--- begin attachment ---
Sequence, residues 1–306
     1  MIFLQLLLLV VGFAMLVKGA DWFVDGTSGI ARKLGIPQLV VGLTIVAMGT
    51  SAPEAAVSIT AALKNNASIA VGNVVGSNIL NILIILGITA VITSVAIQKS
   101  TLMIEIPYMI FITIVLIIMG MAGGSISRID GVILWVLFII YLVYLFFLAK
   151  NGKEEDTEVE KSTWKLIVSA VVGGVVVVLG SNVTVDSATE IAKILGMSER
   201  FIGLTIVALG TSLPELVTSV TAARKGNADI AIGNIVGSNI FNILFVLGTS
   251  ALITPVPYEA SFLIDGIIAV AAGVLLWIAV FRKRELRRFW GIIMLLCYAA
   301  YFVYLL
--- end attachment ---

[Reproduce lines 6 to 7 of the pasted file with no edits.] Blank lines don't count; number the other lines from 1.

   201  FIGLTIVALG TSLPELVTSV TAARKGNADI AIGNIVGSNI FNILFVLGTS
   251  ALITPVPYEA SFLIDGIIAV AAGVLLWIAV FRKRELRRFW GIIMLLCYAA